Backing up a hard drive

  SB23 14:28 05 Aug 06
Locked

I know this has been covered before, but I'm a little fuzzy on the whole concept of having a complete copy of my Hd.
It sounds easy, but what exactly do I need to do this?
I do have a bootdisc program, but thats as far as I have gone. I understand that the bootdisc would enable me to restart my pc in the event of a problem, but what is the difference really, and what happens after you've used the bootdisc?

Another thing is the backup programs that I have tried to use before, I've never really got on with, for one reason or another.

I would be grateful for advice on this please.

Steve

  Fruit Bat /\0/\ 14:39 05 Aug 06

Have a read click here

Acronis true Image is one of the best abck up software packages.

  rawprawn 14:40 05 Aug 06

click here In my opinion this is about the best backup program there is. It will do all you want and more with ease and safety. It has saved my bacon more than once. Make sure you use the Acronis Secure Zone, that way if you hit F11 on boot your computer goes back to where you last backed it up no problem.

  Batch 14:46 05 Aug 06

A physical hard drive will be divided into one or more partitions that appear as individual drives (each drive represented by a letter, e.g. C:, D: etc.)

Typically, a system as supplied will have a single partition (usually C:) on which everything (Operating System, Programs, user data etc.) is stored.

If one assumes that you have a single partion with everything on it, a true backup will create a copy of everything on that partition. The preferred way of achieving such a backup is to use something like Acronis True Image or Norton Ghost.

I use True Image. To securely back-up you will need another physical disk (maybe an external USB drive) to which True Image will copy an image. The capaity of the 2nd disk needs to be able to contain the full used capacity of the partition being backed up (although True Image does provide teh ability to compress). Ideally you need the capacity to hold 2 or more backups as, at the very minimum, you don't want to have to delete a backup before creating the next one.

Once backed up, for safety, the external drive should be disconnected until needed (for restore or next back-up).

  SB23 15:05 05 Aug 06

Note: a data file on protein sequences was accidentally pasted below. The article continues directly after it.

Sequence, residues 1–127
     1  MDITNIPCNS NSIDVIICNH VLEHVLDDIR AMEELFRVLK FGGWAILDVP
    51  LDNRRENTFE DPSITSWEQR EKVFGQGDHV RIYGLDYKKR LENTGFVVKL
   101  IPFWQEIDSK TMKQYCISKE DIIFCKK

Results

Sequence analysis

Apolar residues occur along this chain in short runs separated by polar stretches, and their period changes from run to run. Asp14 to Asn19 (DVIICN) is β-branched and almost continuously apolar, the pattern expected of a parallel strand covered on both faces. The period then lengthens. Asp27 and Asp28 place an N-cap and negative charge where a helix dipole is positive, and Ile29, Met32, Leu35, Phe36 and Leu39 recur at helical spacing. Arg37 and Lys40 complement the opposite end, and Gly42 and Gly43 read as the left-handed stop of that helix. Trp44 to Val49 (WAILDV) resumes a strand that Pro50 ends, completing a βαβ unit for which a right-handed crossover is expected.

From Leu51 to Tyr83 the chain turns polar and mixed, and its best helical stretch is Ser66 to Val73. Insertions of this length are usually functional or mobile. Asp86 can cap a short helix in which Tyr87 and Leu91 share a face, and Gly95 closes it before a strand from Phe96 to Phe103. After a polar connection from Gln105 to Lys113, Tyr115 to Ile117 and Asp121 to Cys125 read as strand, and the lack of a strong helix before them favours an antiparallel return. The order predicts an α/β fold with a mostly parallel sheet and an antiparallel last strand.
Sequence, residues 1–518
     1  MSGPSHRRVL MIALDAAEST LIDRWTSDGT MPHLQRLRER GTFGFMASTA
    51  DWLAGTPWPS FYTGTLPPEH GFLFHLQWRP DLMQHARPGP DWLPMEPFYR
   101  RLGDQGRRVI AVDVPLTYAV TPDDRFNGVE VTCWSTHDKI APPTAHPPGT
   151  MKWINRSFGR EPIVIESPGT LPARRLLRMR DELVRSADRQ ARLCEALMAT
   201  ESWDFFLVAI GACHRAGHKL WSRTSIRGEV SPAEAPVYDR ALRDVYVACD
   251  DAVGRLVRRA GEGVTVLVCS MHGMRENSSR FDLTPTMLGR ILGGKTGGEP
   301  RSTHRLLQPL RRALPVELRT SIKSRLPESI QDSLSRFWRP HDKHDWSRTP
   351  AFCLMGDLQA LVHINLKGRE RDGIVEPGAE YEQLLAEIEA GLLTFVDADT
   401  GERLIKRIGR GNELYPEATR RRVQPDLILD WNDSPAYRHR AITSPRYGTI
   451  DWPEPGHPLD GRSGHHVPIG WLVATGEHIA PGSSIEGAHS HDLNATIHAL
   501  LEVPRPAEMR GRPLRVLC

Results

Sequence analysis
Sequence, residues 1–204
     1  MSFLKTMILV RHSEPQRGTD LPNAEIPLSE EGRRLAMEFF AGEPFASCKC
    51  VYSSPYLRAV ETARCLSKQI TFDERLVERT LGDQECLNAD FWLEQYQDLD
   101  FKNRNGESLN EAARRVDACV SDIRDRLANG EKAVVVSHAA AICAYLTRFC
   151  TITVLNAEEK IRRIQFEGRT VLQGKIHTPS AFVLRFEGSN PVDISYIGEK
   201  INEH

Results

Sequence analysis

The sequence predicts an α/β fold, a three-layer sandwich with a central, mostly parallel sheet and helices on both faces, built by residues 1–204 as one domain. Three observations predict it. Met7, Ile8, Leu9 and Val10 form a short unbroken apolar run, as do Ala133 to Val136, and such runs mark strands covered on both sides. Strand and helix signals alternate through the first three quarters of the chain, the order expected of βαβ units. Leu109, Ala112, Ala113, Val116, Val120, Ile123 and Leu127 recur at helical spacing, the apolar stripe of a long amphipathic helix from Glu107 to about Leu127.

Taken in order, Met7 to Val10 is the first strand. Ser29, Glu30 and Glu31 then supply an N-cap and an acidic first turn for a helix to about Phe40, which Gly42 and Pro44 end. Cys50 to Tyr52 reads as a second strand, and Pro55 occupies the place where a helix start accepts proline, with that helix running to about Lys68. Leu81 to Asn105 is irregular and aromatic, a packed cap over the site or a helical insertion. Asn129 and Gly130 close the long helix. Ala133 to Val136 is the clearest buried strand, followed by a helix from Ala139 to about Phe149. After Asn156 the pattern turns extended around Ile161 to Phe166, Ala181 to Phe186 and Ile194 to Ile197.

Externally would be the way forward, pc has only one connection to the drive (IDE), and very little space.
Usb drive is mentioned, are they easy to set up, and I assume it would be just a case of replacing faulty drive with backed up drive. That I can do, lol.
Drives are quite cheap nowadays, but what about the neccessary leads etc?

  Fruit Bat /\0/\ 15:16 05 Aug 06

What kind of drive do you want?

IDE or SATA

enclosures can be bought for both.

You can buy enclosure and drives seperately click here (cheaper) or buy a complete external drive.

  SB23 15:32 05 Aug 06

Does it matter?
My current drive is a IDE. In the event of another drive going, do I swap them over, or in the case of an external do I just leave it as external? Sorry for all the silly questions, but I really don't know what I need, but I've decided to be prepared for the hard drive going, just like I wasn't before Xmas last year, because you never know, do you?

What are the items I would need to go external?

  SB23 17:44 05 Aug 06

I've been looking at external drives this afternoon, and they are cheaper than I first thought.
Am I correct in saying that if I have one hooked up correctly, and I've saved a copy of my hard drive to it, along with other files, that if my internal drive went, then I would be able to use the external drive to get the pc started again, and it would run from it ok?

  rawprawn 18:11 05 Aug 06

The answer is yes, but that would be only one option you would have using Acronis.

  SB23 18:15 05 Aug 06

What are the other options that I would have?

  rawprawn 18:37 05 Aug 06

You could use Acronis Secure Zone as I mentioned earlier, or a secondary HD (slave) or even a set of DVD's

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